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Border Force needs its own College of Policing, says official review

The Border Force needs its own College of Policing, an official review has advised.

Competing priorities have left the Border Force with an identity crisis that is limiting effectiveness, an official report has concluded.

A Home Office review has warned challenging priorities and a legacy of previous customs and immigration agencies have left border staff isolated and confused over how they work.

The force, which works closely with local forces and the National Crime Agency, needs to be treated as an enforcement agency with staff trained to meet those demands, it said.

Staff also need the equivalent of a College of Policing.

The report said: “A clear identity for Border Force – a single unified workforce reinforced by a training academy and career path to professionalise the role of a Border Force Officer and make Border Force an attractive employer, similar to the police or army.”

The review of the Border Force by Australian politician Alexander Downer found a disconnected organisation that is trying to carry out criminal investigations and enable people to make international travel journeys.

Mr Downer said: “Border Force’s identity is split between being a law enforcement organisation versus a customer service, administrative organisation. It is also still informed by its precursor organisations with Border Force Officers frequently still referring to themselves as an immigration or customs officer.”

Part of the problem, the review found, was a disconnect. The Home Office sees the force has part of its own administration and systems, rather than a separate organisation.

But officers see themselves as having more of a policing role, independent of political objectives.

“Border Force predominantly have an internal ethos as a law enforcement body and identify less strongly with the wider Home Office. It is the Home Office that views and portrays Border Force as an administrative and customer service body, similar to the way the Home Office sees itself,” the report said.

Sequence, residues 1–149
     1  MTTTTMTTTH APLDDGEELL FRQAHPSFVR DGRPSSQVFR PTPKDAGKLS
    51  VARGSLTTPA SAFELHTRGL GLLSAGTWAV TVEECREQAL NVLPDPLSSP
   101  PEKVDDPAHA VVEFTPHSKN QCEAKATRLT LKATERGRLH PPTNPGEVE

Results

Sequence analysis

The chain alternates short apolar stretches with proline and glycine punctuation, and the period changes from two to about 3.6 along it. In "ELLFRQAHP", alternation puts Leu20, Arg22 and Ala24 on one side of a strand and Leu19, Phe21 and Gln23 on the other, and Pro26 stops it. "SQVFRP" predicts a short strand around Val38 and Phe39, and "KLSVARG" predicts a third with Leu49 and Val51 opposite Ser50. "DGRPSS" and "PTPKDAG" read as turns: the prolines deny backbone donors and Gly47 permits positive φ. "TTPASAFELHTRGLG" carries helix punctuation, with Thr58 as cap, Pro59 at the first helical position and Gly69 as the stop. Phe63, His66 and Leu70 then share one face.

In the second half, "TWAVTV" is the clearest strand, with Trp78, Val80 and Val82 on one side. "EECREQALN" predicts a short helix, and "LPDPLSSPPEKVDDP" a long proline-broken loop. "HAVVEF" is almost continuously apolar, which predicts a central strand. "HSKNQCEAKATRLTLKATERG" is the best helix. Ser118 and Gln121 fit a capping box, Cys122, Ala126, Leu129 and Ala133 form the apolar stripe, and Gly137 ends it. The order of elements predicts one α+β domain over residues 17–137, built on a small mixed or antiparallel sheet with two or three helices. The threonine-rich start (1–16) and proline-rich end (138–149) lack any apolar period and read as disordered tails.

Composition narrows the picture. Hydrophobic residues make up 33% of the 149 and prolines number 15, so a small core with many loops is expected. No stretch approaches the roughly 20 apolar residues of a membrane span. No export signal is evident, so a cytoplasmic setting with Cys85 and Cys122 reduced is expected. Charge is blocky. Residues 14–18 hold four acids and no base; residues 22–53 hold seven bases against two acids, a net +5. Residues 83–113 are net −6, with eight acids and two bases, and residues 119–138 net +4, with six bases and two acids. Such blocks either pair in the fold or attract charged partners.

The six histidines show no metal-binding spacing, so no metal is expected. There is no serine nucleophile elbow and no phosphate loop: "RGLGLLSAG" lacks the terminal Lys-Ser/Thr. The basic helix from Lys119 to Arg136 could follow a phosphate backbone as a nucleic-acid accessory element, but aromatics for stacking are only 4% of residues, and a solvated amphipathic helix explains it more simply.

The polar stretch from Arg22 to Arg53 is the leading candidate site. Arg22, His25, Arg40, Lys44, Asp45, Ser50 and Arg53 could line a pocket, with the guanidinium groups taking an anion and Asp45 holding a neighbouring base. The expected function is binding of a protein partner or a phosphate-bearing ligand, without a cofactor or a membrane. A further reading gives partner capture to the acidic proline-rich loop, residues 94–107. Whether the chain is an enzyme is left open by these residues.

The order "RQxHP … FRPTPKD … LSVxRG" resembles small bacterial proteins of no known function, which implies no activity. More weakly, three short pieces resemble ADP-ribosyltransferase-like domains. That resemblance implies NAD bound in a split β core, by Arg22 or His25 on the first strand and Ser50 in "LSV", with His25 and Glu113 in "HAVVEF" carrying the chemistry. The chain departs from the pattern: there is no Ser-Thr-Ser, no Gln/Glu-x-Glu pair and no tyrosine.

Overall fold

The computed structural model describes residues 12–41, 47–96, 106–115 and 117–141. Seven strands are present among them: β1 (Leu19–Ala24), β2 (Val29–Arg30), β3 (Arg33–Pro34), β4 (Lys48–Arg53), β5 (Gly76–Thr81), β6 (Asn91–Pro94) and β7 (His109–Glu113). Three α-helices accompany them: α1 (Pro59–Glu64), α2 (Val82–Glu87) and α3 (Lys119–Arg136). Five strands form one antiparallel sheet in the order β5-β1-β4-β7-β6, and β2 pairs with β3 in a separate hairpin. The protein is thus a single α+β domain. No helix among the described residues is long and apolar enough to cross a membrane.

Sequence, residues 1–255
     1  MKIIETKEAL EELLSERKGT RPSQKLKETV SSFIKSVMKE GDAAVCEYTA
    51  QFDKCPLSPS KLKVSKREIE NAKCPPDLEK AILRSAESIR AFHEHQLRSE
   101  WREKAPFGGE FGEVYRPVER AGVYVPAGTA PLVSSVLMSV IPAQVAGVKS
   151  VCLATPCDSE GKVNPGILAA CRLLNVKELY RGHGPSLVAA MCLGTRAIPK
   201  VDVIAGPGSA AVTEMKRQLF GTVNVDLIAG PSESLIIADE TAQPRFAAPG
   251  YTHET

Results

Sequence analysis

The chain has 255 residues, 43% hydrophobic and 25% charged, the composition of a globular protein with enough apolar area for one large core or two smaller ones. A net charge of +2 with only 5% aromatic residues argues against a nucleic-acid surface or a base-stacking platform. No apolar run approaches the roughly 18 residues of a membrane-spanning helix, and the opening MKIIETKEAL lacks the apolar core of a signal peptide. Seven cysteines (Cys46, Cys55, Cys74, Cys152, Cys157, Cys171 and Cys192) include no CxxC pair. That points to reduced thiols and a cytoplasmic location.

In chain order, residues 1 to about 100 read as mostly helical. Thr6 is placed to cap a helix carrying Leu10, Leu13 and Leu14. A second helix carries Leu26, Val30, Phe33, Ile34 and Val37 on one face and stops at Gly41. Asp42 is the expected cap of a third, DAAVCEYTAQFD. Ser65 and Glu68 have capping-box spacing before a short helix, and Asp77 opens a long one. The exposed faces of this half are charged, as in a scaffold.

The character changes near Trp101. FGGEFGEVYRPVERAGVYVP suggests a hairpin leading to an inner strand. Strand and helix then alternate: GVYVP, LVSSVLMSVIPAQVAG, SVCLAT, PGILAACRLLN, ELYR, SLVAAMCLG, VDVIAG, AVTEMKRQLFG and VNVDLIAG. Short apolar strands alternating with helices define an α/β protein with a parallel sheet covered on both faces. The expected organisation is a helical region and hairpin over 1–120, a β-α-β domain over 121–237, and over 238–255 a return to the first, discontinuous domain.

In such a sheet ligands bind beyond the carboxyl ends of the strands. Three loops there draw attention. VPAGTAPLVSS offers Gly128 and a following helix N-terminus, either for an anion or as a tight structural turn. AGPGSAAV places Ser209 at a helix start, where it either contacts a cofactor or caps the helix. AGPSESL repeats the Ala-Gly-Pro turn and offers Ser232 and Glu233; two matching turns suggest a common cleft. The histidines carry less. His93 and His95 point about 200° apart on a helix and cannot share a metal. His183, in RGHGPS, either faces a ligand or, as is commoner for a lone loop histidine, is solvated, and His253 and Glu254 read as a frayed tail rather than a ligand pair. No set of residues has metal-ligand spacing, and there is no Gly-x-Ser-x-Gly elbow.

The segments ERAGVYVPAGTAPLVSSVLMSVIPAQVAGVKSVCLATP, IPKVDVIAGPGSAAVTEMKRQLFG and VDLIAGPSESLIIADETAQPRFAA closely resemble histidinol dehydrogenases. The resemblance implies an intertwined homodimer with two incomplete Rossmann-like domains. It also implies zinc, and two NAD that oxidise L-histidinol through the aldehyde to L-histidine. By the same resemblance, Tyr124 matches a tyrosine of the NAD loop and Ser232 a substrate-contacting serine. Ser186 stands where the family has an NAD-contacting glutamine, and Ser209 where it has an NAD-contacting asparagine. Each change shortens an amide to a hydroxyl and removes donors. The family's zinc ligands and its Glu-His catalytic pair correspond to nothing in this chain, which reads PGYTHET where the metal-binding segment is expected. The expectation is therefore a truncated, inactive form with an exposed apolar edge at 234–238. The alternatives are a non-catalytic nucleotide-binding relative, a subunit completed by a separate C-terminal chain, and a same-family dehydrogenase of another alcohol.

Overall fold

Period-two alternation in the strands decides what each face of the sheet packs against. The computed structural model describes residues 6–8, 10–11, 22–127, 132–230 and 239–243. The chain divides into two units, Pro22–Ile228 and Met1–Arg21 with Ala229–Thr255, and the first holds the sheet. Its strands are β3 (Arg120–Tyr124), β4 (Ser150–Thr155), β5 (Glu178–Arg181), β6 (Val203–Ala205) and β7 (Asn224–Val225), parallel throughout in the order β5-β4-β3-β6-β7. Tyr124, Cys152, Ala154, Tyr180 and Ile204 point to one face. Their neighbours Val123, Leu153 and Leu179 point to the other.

Mr Downer added: “I fear that a focus on aligning Border Force’s identity too closely with the Home Office risks diluting the Border Force brand and its sense of cohesion, which is important for staff morale.

“Competing responsibilities has confused frontline officers’ understanding of its purpose, as well as the understanding of partner organisations.”

But the problems go deeper than branding and identity.

Staff in frontline roles are not trained to deal with physical confrontations despite the work they do.  

Mr Downer said: “Most troubling to me was Physical Safety Training; level 3 enables staff to intervene to protect a colleague in a confrontation, or to physically apprehend a person.

"But this level of training is not mandated, so colleagues cannot be confident that all colleagues wearing the same uniform as them will necessarily be able to assist them in a situation where that is required. A significant number of staff I met were not trained to this level.”

The report also raised concerns over bullying.

“Officers feel that poor performance is not dealt with effectively and bullying and harassment rates in the organisation are higher than the Home Office average,” it said. “The highest number of reported incidents related to staff being made to feel incompetent, less valued or excluded in some way.”

And two thirds of staff felt that no action would be taken if they reported it.

The force employs 7,500 people and has struggled to recruit staff over the last five years.

The report said it was time for the Border Force to be treated as an enforcement organisation.

“Border Force should have a distinct identity and voice within the Home Office which reflects its role as a uniformed force,” it said.

There were familiar warnings over procurement, planning and variations in training and development.

It said: “Training beyond the foundation programme is inconsistent and staff are not required to be trained to the same standards, with variations, for example, in the required level of personal safety training. There is not a clear training pathway for development that officers could describe.”

But staff say there is a more immediate issue – how they will survive the cost of living crisis.

A critical issue for morale is pay – which is now central in a dispute which is likely to escalate after the Home office offered a 3% deal.

The ISU, which represents Border Force staff, said its staff had responded to a series of major incidents but despite this were under-valued.

Those incidents included implementing COVID-19 controls, illegal migrant arrivals, the Afghanistan evacuation, the Ukraine crisis and post-EU arrangements.

The union said: “We will now consult our members about taking strike action in support of our pay claim. ISU members are moderate and reasonable. We are committed, professional people who care deeply about the vital national security work that we do.

It added: “We must send a clear, unmistakeable message that we are not prepared to accept such awful treatment from a gaslighting, hypocritical employer any longer.”

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